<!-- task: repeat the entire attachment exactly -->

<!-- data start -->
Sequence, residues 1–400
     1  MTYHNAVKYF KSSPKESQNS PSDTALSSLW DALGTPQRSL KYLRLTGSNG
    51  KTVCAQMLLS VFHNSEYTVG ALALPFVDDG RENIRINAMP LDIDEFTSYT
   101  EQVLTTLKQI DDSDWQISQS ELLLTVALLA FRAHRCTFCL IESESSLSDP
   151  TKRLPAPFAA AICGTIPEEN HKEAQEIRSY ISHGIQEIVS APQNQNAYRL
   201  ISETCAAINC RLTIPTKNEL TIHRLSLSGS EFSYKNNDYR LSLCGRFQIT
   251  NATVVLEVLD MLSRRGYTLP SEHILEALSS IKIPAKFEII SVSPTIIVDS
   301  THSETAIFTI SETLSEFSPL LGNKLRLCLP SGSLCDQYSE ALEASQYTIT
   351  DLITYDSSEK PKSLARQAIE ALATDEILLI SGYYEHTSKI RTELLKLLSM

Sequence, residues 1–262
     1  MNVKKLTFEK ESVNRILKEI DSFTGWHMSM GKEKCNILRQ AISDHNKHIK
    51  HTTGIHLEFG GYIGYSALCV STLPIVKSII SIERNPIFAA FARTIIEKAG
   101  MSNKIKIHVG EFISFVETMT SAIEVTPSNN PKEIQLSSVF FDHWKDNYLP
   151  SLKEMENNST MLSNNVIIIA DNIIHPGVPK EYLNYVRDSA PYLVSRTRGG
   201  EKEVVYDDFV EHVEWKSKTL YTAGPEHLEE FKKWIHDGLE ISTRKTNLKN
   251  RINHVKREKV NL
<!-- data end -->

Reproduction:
Sequence, residues 1–400
     1  MTYHNAVKYF KSSPKESQNS PSDTALSSLW DALGTPQRSL KYLRLTGSNG
    51  KTVCAQMLLS VFHNSEYTVG ALALPFVDDG RENIRINAMP LDIDEFTSYT
   101  EQVLTTLKQI DDSDWQISQS ELLLTVALLA FRAHRCTFCL IESESSLSDP
   151  TKRLPAPFAA AICGTIPEEN HKEAQEIRSY ISHGIQEIVS APQNQNAYRL
   201  ISETCAAINC RLTIPTKNEL TIHRLSLSGS EFSYKNNDYR LSLCGRFQIT
   251  NATVVLEVLD MLSRRGYTLP SEHILEALSS IKIPAKFEII SVSPTIIVDS
   301  THSETAIFTI SETLSEFSPL LGNKLRLCLP SGSLCDQYSE ALEASQYTIT
   351  DLITYDSSEK PKSLARQAIE ALATDEILLI SGYYEHTSKI RTELLKLLSM

Sequence, residues 1–262
     1  MNVKKLTFEK ESVNRILKEI DSFTGWHMSM GKEKCNILRQ AISDHNKHIK
    51  HTTGIHLEFG GYIGYSALCV STLPIVKSII SIERNPIFAA FARTIIEKAG
   101  MSNKIKIHVG EFISFVETMT SAIEVTPSNN PKEIQLSSVF FDHWKDNYLP
   151  SLKEMENNST MLSNNVIIIA DNIIHPGVPK EYLNYVRDSA PYLVSRTRGG
   201  EKEVVYDDFV EHVEWKSKTL YTAGPEHLEE FKKWIHDGLE ISTRKTNLKN
   251  RINHVKREKV NL